With all that said, the military is known for its rivalry as each branch’s medical department wants to be defined as being the most dominant force. Although there will never be a clear winner, competing for the title is the fun part.
We could brag all day about having the most Medal of Honor recipients, but that just wouldn’t be dignified. So here’s proof that the rate of Hospital Corpsman is the sh*t. Come at me.
Back in the day, we were referred to as Surgeon’s Mates, Apothecary, and Loblolly Boy, among a few others. But it wasn’t until June 17, 1898, when President William McKinley signed an act of Congress that created the Navy Hospital Corps, which allowed enlisted personnel to assist surgeons with the wounded on the battlefield.
It was the Corpsman’s job to keep the irons hot while assisting the doctors with cauterizing patient’s limbs after amputation, as well as keeping buckets of sand at the ready to help the medical staff from slipping on the floor from all those massive bleeds.
Since those days, Corpsmen served right alongside the Marine Corps, fighting and patching them up; and that tradition has carried on through the eras as they continue to earn each others’ respect.
Just some of the different types of Corpsman
With all the many types of Corpsmen out there these days, let’s start from the beginning.
In the modern era, the basic Hospital Corpsman earns the NEC “quad zero” or “0000” rating when they graduate from A-school, and can either head right out to the fleet or get additional orders for more specialized training called “C-schools.”
Some Corpsmen will go on to become laboratory techs, dental techs, or attend one of two the Field Medical Training Battalions.
Also known as field med, this tough training is a few steps down from Marine boot camp and is modified with medical classes catered to performing life-saving interventions in combat.
In field med, Corpsmen learn basic patrolling tactics and infantry maneuvers that will help when they deploy to combat zones with their Marine platoons.
In some cases, Corpsmen can request additional schools if they qualify and decide to re-enlist at the end of their active contracts. Many Corpsmen at the pay grade of E-5 request to attend “Independent Duty Corpsman” or IDC school.
Remember when I told you we were better than Army medics? Here’s what I meant:
After completing training, Independent Duty Corpsmen are allowed to take care of patients, prescribe medications and perform minor surgical procedures without the presence of a medical officer.
No Army enlisted personnel can do that. Write that down.
Unfortunately, with all the valuable training IDC’s go through, when they exit the Navy, they can take the knowledge with them, but the accreditation doesn’t transfer over to the civilian world. Bummer.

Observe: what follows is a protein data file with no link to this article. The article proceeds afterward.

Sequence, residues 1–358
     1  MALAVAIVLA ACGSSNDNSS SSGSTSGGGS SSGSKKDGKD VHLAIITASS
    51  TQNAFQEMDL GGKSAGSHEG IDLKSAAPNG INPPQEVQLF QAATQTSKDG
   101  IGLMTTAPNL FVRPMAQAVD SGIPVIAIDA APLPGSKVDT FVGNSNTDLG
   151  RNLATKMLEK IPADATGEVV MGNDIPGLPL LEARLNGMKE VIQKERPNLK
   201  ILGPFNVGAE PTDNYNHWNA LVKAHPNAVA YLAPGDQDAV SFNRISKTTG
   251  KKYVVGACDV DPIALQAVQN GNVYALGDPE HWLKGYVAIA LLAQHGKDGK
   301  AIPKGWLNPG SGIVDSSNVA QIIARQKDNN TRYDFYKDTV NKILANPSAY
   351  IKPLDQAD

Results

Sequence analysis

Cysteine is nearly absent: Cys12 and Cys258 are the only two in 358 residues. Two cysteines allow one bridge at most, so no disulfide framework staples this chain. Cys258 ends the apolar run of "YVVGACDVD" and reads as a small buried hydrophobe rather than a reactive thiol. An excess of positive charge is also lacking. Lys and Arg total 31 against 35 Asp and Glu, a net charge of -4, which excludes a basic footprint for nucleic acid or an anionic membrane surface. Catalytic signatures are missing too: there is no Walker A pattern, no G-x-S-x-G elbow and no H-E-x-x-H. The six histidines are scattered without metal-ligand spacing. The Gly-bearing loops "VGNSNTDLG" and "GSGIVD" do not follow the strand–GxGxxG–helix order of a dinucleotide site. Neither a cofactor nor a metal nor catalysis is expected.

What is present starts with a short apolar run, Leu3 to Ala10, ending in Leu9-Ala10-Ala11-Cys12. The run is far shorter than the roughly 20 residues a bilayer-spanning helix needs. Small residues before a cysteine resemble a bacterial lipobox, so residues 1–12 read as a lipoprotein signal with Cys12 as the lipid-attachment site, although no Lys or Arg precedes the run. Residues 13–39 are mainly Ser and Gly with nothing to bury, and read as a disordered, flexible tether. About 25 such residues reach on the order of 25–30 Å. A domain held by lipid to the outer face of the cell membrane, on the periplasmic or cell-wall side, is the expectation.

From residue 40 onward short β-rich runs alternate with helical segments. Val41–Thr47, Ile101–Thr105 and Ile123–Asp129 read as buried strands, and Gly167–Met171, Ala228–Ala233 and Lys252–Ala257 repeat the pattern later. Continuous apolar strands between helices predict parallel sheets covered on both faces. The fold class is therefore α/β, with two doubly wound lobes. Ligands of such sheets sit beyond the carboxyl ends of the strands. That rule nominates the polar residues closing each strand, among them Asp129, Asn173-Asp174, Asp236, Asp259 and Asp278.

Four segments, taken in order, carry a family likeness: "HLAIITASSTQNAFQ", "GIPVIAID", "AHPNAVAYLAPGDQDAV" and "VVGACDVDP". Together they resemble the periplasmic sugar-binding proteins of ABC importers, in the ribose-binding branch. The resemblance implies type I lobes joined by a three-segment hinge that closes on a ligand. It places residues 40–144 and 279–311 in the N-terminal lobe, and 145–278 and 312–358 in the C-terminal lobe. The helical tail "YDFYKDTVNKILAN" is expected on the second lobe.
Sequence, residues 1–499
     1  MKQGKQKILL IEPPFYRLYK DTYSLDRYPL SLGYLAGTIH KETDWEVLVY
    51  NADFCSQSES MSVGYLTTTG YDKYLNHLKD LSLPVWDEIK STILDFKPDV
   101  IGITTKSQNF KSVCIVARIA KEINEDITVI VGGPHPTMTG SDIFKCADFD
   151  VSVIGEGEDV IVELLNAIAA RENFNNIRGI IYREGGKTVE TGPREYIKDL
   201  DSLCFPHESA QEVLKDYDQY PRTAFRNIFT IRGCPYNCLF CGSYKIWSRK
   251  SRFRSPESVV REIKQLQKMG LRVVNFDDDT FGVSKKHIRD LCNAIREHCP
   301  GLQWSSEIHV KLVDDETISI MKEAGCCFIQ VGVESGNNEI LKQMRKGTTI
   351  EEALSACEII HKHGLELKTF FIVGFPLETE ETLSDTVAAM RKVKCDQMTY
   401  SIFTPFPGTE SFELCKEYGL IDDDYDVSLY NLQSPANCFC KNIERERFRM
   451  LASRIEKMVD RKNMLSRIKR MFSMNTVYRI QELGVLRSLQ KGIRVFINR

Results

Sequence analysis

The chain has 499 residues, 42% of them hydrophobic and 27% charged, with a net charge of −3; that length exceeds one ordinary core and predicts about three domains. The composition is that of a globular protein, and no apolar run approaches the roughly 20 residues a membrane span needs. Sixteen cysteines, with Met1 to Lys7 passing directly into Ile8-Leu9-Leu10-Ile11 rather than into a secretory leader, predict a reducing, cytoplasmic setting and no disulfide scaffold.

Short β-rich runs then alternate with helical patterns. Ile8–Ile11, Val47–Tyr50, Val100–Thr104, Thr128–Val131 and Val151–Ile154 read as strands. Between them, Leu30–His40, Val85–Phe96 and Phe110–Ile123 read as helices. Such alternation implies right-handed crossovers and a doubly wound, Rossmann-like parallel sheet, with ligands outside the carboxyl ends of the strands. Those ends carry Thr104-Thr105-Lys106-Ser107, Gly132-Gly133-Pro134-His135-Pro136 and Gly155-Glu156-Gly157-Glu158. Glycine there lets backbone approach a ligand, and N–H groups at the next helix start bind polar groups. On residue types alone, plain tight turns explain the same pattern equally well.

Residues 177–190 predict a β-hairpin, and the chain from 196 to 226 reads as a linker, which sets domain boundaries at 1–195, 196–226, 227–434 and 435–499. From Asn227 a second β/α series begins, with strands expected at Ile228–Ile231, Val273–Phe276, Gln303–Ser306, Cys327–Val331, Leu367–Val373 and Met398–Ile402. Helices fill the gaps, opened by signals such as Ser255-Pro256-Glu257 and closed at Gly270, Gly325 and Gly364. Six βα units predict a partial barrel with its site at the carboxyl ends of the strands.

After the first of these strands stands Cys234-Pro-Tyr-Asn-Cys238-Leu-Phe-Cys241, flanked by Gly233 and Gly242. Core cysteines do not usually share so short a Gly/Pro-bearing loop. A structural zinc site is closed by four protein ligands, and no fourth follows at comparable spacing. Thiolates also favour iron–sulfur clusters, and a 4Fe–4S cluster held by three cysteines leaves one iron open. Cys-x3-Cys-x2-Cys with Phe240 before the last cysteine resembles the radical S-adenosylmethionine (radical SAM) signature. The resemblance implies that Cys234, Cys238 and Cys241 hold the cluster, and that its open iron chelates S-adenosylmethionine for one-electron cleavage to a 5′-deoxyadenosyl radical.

It’s official; Corpsmen are not Marines — we’re sailors.
Because most of us have served at one time or another on the Marine side of the house, also known as the “Greenside,” many confuse us with Marines due to our stature and uniform.
The truth is, we don’t mind this because of the brotherly bond we’ve earned. If we’ve taken good care of our Marines, that bond will stretch far beyond our years of military service.
The FMF Corpsman
FMF stands for Fleet Marine Force.
Corpsmen can earn this pin after studying their asses off and answer a sh*t ton of questions about Marine knowledge.
It’s a lot to learn and can take a year to scratch the surface of everything you need to know. In some cases, Corpsmen end up learning more facts about the Marine Corps than Marines.
Plus, if you do receive the honor of getting pinned, it’ll make you look cool in front of your platoon.
It’s also a common practice that you pass down your FMF pin to an up and coming Corpsman who appears to have a promising career.
There are three different types of FMF pins and they all look the same. The Marine Air Wing, Logistic Group, and Division (infantry) all have different knowledge the Corpsman is tested on to earn the plaque.
The Division pin tends to be harder to earn since infantry Corpsmen spend a lot of time in the field without much time to study.
Another impressive aspect of being a Greenside Corpsman is that you’re entitled to wear most of the Marine uniforms except their legendary dress blues — provided you sign a “Page 2” document saying you’ll abide by all Marine Corps regulations.
This includes all uniform inspections and annual exercise tests.
The modified Corpsman dress uniform. That’s badass, Chief — look at the freakin’ stack!
Watch the Corpsman tribute video below, and brothers, stay safe out there. We salute your hard work and dedicated to the Corps.
A US Navy F-14D Tomcat aircraft flies a combat mission in support of Operation Iraqi Freedom | U.S. Air Force photo by SSgt. Lee O. Tucker
While the requirement for a carrier-based long-range strike capability is a frequent subject of discussion around Washington, the U.S. Navy’s need for improved air superiority capabilities is often neglected.
The service has not had a dedicated air-to-air combat aircraft since it retired the Grumman F-14 Tomcat in 2006. But even the Tomcat was adapted into a strike aircraft during its last years in service after the Soviet threat evaporated.
Now, as new threats to the carrier emerge and adversaries start to field new fighters that can challenge the Boeing F/A-18E/F Super Hornet and Lockheed Martin F-35C Joint Strike Fighter, attention is starting to shift back to this oft-neglected Navy mission — especially in the Western Pacific.
“Another type of new aircraft required is an air superiority fighter,” states a recent Hudson Institute report titledSharpening the Spear: The Carrier, the Joint Force, and High-End Conflict, which is written by The National Interest contributors Seth Cropsey, Bryan McGrath and Timothy A. Walton. “Given the projection of the Joint Force’s increased demand for carrier-based fighter support, this capability is critical.”